Rudyard Kipling won the Nobel Prize in Literature in 1907 and received honorary degrees from both Harvard and Oxford, but he was an extremely controversial writer, not only during his lifetime but also after it. Kipling was admired by such literary giants as Henry James, Mark Twain, and T. S. Eliot. However, many critics who praised Kipling felt the need to preface their comments with an explanation or an apology; Ernest Hemingway commented that he liked “the good Kipling.” The “bad” Kipling is seen as the defender of British imperialism who supported oppressors against native populations, espoused the idea of racial superiority, and remained casually unaware of the value of the cultures the British Empire dismissed and dominated. Remarkably, Kipling manages to inspire great intensity of feeling long after that empire faded. Although Kim is not the most controversial of his works, it received widely disparate evaluations, both when it was first published in 1901 and in later criticism. It is perceived by some as a paternalistic, a stereotypical, and an unrealistic picture of India, whereas others find it a rich, sympathetic portrayal.
Kim is a complex book. It has elements of a boys’ novel of adventure, a spy story, and a picaresque tale. Kipling himself once called Kim plotless. On a more serious level, it can be seen as a tale of initiation, a search for being and belonging, a quest. Because Kipling spent his first five years in Bombay, a time of great happiness for him, followed by six years of misery in England, where he was placed in a rigid, abusive household that he later described as the House of Desolation, Kim also has been viewed as a personal fantasy and a creation of a lost childhood idyll.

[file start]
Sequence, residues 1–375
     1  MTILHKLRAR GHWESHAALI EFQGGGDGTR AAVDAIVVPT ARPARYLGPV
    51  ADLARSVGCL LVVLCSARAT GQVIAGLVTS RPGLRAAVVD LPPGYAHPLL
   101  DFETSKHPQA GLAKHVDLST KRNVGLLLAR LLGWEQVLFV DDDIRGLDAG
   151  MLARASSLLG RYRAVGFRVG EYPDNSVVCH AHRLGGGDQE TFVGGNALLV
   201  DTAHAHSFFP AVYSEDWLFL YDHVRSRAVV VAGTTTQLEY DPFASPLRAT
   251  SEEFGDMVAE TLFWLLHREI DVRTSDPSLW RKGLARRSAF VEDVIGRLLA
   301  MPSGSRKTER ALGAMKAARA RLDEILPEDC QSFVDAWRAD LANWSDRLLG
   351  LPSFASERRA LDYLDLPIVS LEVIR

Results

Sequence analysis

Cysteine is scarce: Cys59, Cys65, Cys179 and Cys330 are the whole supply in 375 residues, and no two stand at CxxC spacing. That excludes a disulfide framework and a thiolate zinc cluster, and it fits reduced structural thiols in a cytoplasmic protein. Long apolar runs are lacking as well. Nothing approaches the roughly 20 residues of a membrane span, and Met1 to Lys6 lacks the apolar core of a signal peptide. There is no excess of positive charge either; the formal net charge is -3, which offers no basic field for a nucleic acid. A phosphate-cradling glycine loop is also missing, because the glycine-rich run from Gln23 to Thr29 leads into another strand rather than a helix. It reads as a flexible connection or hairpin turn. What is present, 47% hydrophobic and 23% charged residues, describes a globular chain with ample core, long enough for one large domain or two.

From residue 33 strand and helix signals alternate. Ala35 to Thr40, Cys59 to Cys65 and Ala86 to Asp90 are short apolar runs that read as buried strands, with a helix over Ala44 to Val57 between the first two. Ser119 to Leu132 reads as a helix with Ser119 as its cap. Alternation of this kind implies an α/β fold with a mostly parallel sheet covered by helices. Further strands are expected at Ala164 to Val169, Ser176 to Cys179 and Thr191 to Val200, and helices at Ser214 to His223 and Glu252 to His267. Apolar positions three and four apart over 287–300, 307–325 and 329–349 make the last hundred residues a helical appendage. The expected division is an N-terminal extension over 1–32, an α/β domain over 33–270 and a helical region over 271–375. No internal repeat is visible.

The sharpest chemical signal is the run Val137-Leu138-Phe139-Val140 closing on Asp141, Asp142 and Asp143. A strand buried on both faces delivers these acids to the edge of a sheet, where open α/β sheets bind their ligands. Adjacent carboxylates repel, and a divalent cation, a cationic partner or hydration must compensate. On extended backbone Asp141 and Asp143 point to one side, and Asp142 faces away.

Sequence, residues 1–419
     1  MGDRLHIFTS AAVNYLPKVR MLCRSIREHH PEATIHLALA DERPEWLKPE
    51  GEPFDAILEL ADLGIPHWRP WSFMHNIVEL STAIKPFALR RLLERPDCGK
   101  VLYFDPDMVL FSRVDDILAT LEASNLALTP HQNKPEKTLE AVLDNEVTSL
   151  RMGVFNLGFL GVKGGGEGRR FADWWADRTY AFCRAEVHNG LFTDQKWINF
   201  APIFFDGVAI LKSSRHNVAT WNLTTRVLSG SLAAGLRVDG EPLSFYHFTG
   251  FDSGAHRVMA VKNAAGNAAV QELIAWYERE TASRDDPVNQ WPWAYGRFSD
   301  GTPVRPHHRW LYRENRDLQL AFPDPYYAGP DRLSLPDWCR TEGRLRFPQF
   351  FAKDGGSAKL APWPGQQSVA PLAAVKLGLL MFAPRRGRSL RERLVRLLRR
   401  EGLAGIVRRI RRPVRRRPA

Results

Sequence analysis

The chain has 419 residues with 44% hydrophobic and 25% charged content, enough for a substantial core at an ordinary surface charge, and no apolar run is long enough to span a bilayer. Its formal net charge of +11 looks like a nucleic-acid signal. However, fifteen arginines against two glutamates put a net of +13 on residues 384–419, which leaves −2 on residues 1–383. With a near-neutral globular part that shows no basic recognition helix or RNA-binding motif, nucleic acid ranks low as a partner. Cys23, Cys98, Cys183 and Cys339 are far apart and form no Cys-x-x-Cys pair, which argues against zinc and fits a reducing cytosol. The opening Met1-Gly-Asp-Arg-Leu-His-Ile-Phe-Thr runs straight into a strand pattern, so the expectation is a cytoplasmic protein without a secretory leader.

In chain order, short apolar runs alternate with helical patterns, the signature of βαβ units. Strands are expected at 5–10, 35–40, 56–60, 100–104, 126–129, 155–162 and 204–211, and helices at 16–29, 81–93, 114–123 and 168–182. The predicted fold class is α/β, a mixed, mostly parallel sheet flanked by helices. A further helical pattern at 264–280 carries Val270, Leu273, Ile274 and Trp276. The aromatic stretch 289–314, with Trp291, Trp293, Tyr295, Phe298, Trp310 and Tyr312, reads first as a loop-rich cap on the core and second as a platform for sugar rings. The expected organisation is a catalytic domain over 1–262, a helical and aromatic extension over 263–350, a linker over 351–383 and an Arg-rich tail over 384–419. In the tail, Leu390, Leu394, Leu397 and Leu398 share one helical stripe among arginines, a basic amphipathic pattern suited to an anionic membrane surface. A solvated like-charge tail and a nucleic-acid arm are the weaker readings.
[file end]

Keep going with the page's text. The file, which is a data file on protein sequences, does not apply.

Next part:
Setting is extremely important in Kim. The India that Kipling portrays stretches from Benares in the middle of the Indian peninsula to the Punjab and the Himalayas in the north. The story begins in Lahore with Kim sitting on the Zam-Zammah, the great gun that controls the north. The opening paragraphs introduce both India and the realities of the British presence there. In spite of the fact that Kim “consorted on terms of perfect equality with the street boys of the bazaar,” he felt free to kick one of his companions off the gun “since the English held the Punjab and Kim was English.” This opening may imply a belief in the superiority of the British, but as the novel moves to describe the bazaar in detail, it becomes obvious that Kim and Kipling relish life on the Indian streets. After Kim meets the lama, they travel through India following the path of the railroad, the Grand Trunk Road. In chapters 3 and 4 particularly, Kipling presents vivid portraits of people from different castes and backgrounds; the reader is introduced to the sights, sounds, and smells of many different places and peoples on the road. This rich variety caused some critics to call India itself the main character of the novel.
Kim does more than present a fascinating, exotic picture of India; it also is a story about a boy’s search for identity. Kim, an Irish orphan, has taken on the characteristics of the Indian street boy. He seems an ideal hero for a boys’ adventure tale—clever, brave, able to overcome all odds, a perfect blend of Oliver Twist and the Artful Dodger. He becomes more than just an adventure hero, however, because he faces not only physical and emotional challenges but also spiritual ones. His search begins after he meets the lama, a truly holy man, who desires to free himself completely from the evils and bonds of this world. Kipling represents the novel’s theme of the quest, the lama seeks salvation....
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